Male/Female Earnings Differences in Self-Employment: The Effects of Marriage, Children, and the Household Division of Labor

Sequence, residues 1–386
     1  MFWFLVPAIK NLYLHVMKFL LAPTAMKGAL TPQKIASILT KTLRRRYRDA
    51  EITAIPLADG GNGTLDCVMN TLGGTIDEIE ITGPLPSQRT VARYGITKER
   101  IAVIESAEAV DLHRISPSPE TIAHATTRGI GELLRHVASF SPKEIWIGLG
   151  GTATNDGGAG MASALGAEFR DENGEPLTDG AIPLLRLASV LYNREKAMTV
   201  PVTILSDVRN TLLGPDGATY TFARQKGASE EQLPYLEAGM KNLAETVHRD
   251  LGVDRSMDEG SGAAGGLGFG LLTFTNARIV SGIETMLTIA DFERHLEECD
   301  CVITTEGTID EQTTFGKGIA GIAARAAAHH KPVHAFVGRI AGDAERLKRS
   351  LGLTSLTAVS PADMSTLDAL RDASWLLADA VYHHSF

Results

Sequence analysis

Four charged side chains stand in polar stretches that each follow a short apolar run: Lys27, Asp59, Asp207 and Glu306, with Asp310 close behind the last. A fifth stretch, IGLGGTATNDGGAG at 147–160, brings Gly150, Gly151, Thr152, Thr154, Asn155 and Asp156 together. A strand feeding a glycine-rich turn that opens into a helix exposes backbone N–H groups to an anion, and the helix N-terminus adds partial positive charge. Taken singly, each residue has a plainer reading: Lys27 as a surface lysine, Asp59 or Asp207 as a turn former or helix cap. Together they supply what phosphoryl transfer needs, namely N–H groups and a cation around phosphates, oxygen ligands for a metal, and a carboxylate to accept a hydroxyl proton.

Data from the National Longitudinal Study of the High School Class of 1972 and the Panel Study of Income Dynamics are used to investigate reasons for the gender earnings gap among the self-employed. Compared to organizational employment, self-employment may allow workers freer adjustment of work effort in response to changing needs for market work income and household production. Consistent with that hypothesis, the analysis shows that self-employed women's earnings declined with marriage, family size, and hours of housework, whereas self-employed men's earnings increased with marriage and family size. Organizationally employed workers' earnings exhibited a similar but less pronounced pattern, suggesting that in the self-employment sector the structure of female/male relative earnings was more sensitive to family size and composition. Self-employed women and men specialized more intensively in housework and market work, respectively. Women apparently tended to choose self-employment to facilitate household production, and men to achieve higher earnings.
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